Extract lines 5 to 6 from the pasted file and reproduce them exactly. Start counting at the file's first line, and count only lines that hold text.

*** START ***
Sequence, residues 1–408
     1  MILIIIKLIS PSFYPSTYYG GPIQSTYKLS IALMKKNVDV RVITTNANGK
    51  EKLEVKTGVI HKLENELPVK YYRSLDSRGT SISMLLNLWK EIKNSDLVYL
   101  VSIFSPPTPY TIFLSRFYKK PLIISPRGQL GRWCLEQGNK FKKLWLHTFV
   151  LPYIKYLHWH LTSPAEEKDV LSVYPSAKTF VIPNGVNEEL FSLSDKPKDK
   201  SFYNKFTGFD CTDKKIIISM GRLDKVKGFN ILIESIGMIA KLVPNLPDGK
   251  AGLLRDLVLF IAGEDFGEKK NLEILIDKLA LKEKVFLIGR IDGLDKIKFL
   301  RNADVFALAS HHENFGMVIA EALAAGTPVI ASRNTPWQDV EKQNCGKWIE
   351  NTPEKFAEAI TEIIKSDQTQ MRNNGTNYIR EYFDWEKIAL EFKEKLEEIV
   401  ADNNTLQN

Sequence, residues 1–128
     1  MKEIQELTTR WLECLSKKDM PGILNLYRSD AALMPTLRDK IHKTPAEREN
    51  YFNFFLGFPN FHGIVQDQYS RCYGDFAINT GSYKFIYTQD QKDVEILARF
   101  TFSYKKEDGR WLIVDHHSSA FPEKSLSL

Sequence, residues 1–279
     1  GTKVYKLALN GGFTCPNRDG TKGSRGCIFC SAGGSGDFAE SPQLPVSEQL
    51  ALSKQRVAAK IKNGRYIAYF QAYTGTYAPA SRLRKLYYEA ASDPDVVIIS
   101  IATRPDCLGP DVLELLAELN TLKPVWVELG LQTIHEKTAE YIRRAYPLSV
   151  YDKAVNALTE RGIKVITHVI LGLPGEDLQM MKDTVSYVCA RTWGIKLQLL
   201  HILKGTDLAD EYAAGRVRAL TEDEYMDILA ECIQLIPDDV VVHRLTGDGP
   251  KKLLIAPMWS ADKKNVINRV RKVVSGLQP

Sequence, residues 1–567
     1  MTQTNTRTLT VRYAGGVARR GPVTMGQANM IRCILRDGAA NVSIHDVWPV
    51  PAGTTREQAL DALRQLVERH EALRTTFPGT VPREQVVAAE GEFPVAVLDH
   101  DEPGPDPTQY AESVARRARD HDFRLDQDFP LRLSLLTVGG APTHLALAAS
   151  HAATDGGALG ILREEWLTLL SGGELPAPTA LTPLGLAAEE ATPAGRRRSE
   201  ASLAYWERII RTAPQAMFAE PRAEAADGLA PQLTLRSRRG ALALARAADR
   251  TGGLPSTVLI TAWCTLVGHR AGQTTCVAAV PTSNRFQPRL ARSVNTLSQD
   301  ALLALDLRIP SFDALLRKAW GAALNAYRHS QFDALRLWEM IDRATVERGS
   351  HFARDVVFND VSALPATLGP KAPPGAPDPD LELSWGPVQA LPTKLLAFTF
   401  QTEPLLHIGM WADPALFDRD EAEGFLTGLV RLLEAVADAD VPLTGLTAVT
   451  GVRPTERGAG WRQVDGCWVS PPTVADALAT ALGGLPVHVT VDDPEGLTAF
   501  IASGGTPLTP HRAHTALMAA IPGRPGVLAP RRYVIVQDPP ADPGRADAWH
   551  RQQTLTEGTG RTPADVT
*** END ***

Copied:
   151  LPYIKYLHWH LTSPAEEKDV LSVYPSAKTF VIPNGVNEEL FSLSDKPKDK
   201  SFYNKFTGFD CTDKKIIISM GRLDKVKGFN ILIESIGMIA KLVPNLPDGK